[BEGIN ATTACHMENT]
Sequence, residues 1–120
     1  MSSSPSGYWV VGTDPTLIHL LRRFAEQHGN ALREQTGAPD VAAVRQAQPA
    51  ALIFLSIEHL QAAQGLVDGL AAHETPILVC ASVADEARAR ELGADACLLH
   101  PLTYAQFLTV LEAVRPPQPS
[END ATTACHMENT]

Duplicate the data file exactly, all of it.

Sequence, residues 1–120
     1  MSSSPSGYWV VGTDPTLIHL LRRFAEQHGN ALREQTGAPD VAAVRQAQPA
    51  ALIFLSIEHL QAAQGLVDGL AAHETPILVC ASVADEARAR ELGADACLLH
   101  PLTYAQFLTV LEAVRPPQPS